Facing History and Project Zero Day of Learning Scholar Presentations

From 2013-2015, Facing History and Harvard University's Project Zero partnered to host Day of Learning events. View recorded sessions below.

Table of Contents

2015 Day of Learning: Thought, Judgment, Action: Choosing to Participate

On March 13, 2015, Facing History and Ourselves, together with our partner Project Zero at the Harvard Graduate School of Education, hosted the third annual Day of Learning. The theme: Thought, Judgment, Action: Choosing to Participate starts with the question, “How do we learn to participate?" When the journey from empathy to action is a complicated one, what dispositions must we, as educators, cultivate to encourage young people to participate responsibly in contemporary society?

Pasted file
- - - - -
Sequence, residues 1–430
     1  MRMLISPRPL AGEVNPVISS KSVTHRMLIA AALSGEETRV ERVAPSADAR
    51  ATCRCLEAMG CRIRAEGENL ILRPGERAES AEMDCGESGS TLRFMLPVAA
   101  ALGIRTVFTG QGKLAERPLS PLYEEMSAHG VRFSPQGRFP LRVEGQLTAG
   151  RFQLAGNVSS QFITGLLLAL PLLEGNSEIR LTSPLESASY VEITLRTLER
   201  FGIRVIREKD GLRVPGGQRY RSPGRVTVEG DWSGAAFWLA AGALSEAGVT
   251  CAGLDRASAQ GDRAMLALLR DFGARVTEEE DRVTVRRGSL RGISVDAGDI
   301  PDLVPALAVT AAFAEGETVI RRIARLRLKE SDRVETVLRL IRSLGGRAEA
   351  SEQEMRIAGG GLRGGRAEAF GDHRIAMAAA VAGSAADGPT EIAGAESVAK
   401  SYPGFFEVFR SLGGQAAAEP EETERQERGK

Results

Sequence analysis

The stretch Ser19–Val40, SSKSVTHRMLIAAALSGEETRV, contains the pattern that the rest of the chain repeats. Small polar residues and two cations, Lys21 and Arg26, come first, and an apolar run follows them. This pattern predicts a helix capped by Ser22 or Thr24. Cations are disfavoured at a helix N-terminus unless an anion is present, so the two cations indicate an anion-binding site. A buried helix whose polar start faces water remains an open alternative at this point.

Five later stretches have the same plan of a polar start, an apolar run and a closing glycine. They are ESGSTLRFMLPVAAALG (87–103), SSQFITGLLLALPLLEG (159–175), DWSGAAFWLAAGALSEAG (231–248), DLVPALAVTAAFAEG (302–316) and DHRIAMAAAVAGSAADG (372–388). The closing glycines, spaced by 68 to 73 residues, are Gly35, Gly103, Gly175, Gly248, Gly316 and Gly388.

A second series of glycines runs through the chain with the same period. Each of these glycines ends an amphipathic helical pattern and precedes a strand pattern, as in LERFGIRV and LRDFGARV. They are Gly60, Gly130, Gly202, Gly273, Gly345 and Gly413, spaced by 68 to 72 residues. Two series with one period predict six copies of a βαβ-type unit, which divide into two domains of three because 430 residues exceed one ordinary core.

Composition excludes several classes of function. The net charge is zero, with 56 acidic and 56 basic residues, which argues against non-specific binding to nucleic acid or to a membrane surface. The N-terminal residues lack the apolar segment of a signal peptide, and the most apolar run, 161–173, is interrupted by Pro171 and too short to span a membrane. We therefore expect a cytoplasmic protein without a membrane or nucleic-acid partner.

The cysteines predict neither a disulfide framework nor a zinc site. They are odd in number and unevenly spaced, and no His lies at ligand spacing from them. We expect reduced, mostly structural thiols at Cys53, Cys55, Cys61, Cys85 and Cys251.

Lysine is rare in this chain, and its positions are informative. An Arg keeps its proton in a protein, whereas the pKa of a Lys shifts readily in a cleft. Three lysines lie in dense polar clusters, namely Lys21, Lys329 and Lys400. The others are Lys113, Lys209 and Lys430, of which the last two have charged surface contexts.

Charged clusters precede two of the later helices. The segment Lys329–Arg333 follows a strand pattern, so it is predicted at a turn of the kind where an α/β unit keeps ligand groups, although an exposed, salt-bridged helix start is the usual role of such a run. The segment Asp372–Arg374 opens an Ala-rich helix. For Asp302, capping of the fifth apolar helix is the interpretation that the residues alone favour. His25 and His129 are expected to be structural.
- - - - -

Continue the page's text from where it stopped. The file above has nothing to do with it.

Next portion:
This live-streamed and live-tweeted event brought together participants and scholars from across academic disciplines, professions, and geography to discuss how we nurture in students the qualities that lead to leadership, action, and upstanding behavior.

Speaker Sessions

2014 Day of Learning: Confronting Evil in Individuals and Societies

Facing History's 2014 Day of Learning, “Confronting Evil in Individuals and Societies,” was held on April 11, 2014. The event featured a series of presentations from scholars on the forefront of new research in the sciences and humanities on the nature of evil in individuals and societies. Scholars and participants helped shed light on the enduring question, “Why do humans engage in evil and what can we do to confront it?”

Presentations ranged from a historical portrait of violence in one community during the Holocaust to conversations about neuroscience, social and cognitive psychology, law, theology, and the arts that consider many of the central questions that are raised by history of mass violence and genocide.

Speaker Sessions

2013 Day of Learning: Reimagining Self and Other